It’s safe to assume that if NGC is not supplying Methanex with all of the natural gas it is contracted to supply, that all users of natural gas at the Point Lisas Industrial Estate are being similarly impacted by the problems. To assume otherwise would indicate that Methanex is being discriminated against in the supply of natural gas.

And it is also safe to assume that if Methanex receives 20 per cent less gas that contracted for the second half of 2014 that its production of methanol will be less than estimated....and that all petrochemical suppliers at Point Lisas and the LNG production at Atlantic in Point Fortin will suffer as well. Less exports means less revenue, especially when petrochemical prices have softened.

Trade off between incentives and revenue

One of the other reasons contributing to the decline in energy revenues is that the Government has had to lowever the amount of energy revenues it gets from the energy giants in order to encourage them to invest money in searching for oil and natural gas in and around T&T.

On February 3, 2014, speaking at the Energy Conference at the Hyatt Regency, Energy Minister Kevin Ramnarine pointed out: “The fiscal incentives provided by the Government over the last four years have led to resurgence in investment in the upstream component of the energy sector. We must understand that we compete for oil and gas related capital with other countries—capital goes to where it is best treated and where it gets the best return.” 

In delivering the 2013 budget, Finance Minister Larry Howai said: We recognise that energy will remain a dominant sector for the foreseeable future. Commencing in this fiscal year, and bearing in mind that such energy investments have a five to seven year gestation period, we shall implement a number of initiatives for stimulating direct local and international investments. They will focus on upstream exploration and production activities in the oil and gas sector.”

Mr Howai also made it clear that the incentives were for new fields: “In the short term, and, to spur further investment in marine areas we intend to offer fiscal incentives which could result in enhancing oil and gas exploration and production. “The incentives will be specific to the development of new fields which are currently inactive. Increased production and generation of additional revenues are anticipated in the short-term.

“Moreover, the increased activities would spur the development of local energy service companies, several spin-off businesses and an increasing number of job opportunities. Total investment in 2013 by companies operating in the sector is expected to be US$3.016 billion.” In the 2013 budget presentation, the Finance Minister proposed the following:
1) The harmonisation of the Supplemental Petroleum Tax (SPT) rates issued Pre-1988 and Post  1988 for marine areas by removing the distinction between the Pre-1988 and Post-1988 SPT rate for marine areas. One SPT rate will be allowed for marine areas as currently pertains for land and deep-water. The SPT rate for marine areas will be set at the Post-1988 rate of 33.0 per cent for prices ranging from US$50/bbl–US$90/bbl. The formula used in determining SPT rates above US$90/bbl will continue as will the SPT provisions for land and the deepwater;

2) The introduction of a special SPT rate for new field development to enhance the economics of field development of small pools and increase the competitiveness of this country’s fiscal regime. A special SPT rate of 25 per cent is proposed for approved new field developments, at prices above US$50 and up to US$90/bbl. Thereafter for prices above US$90/bbl and up to US$200/bbl, the SPT formula as currently exists will be applicable. This new SPT rate is intended to spur development of inactive fields, not yet in production; and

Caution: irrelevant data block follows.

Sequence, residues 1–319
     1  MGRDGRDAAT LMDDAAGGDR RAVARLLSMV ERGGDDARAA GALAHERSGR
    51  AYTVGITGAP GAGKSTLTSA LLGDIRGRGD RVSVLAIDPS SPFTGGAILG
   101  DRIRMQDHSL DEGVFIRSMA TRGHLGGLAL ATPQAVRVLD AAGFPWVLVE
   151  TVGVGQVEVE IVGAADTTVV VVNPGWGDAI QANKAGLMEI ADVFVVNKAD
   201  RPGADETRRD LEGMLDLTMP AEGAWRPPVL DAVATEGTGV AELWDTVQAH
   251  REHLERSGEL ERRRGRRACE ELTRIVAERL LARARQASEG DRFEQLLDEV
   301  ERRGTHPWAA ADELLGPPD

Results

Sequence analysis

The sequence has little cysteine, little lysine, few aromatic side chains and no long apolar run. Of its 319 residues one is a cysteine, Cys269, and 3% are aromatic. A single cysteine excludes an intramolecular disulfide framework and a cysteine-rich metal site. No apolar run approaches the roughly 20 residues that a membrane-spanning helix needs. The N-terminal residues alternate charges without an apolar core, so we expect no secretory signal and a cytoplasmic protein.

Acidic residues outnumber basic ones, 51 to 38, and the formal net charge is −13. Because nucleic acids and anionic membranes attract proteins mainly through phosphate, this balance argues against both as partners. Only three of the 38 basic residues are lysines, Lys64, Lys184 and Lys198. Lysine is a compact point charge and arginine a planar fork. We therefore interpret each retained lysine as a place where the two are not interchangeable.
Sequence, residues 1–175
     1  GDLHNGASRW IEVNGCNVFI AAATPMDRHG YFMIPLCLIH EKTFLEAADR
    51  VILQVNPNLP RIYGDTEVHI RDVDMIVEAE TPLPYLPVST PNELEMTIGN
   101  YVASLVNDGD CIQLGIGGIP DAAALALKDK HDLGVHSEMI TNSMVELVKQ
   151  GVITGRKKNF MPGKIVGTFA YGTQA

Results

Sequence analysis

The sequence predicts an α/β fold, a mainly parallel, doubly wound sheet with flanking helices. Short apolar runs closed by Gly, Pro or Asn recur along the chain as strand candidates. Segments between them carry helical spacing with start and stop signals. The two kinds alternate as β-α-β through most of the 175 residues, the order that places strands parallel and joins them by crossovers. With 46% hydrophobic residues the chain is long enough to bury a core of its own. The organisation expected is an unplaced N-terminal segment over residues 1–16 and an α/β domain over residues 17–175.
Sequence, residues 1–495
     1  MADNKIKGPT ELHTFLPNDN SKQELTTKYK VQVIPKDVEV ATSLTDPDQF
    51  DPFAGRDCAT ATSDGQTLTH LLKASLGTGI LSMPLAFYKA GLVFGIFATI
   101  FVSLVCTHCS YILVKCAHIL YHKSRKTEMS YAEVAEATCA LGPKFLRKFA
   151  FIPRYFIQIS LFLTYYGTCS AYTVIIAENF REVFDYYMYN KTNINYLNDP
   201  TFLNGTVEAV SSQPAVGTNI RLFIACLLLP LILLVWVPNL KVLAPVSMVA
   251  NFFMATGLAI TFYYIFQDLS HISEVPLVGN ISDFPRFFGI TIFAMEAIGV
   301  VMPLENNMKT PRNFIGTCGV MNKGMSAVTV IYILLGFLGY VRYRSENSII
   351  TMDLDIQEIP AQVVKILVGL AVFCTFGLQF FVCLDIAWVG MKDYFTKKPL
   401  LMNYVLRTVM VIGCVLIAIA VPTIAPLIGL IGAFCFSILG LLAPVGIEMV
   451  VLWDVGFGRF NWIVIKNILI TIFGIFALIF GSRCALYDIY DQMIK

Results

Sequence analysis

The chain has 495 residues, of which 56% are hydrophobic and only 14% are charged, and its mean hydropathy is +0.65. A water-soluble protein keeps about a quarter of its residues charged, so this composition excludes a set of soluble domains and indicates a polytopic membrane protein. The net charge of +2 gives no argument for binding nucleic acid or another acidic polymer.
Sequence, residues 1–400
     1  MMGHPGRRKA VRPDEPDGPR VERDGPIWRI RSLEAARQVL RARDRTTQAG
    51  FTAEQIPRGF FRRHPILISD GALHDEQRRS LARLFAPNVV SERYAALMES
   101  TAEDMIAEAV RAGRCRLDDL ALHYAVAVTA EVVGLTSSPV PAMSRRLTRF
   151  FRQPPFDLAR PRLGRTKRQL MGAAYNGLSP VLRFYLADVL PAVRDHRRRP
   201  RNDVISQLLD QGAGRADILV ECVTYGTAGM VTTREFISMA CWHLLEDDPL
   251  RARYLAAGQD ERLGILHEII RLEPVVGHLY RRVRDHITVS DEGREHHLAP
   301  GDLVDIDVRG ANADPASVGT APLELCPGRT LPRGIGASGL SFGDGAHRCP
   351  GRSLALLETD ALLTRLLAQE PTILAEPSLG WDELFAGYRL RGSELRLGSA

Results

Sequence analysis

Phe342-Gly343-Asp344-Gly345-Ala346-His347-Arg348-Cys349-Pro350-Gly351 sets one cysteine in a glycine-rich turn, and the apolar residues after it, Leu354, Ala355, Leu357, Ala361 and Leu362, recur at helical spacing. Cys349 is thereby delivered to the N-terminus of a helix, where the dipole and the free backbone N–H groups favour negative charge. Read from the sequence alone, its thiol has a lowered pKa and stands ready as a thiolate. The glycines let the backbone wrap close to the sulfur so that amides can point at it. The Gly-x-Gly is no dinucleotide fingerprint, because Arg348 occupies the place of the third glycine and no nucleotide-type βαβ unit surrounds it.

(3) The introduction of an uplift of 40 per cent, for a period of five years, on exploration cost (excluding exploration dry holes) incurred in undertaking approved projects in deeper horizon.

There is no doubt renewed investment in exploration and commercialization activities, particularly upstream gas projects, to invigorate the energy sector

It’s not all doom and gloom in the energy sector. As Mr Ramnarine pointed out at the Energy Conference in February:
 • “The fiscal incentives provided by the Government over the last four years have led to resurgence in investment in the upstream component of the energy sector. We must understand that we compete for oil and gas related capital with other countries—capital goes to where it is best treated and where it gets the best return”; 
• The ministry’s onshore bid round was launched its 2013 and the St Mary’s block was awarded to Range Resources, the Rio Claro Block to Lease Operators Limited and the Ortoire Block to Primera Oil and Gas. In total there will be 12 land-based exploration wells associated with these successful bids as well as associated seismic programmes;
• This calendar year will probably be “one of the busiest years in the history of the sector as it relates to exploration, appraisal and development drilling.” In the last days 2013 the Seadrill West Freedom arrived in Chaguaramus.  The West Freedom brought to eight the number of offshore rigs in T&T;
• For this year 2014 a total of 11 exploration wells are expected to be drilled with 10 being in offshore locations and one on land;
• BP commenced work on the Juniper field with construction work on the platform expected to start in the fourth quarter of 2014, drilling expected to start in 2015 with natural gas production scheduled to begin in 2017. The investment is just over US $2 billion; 
• When Savonette 7 is brought into production later this year, the Savonette facility will have the capacity to produce close to 900 million standard cubic feet of natural gas per day;.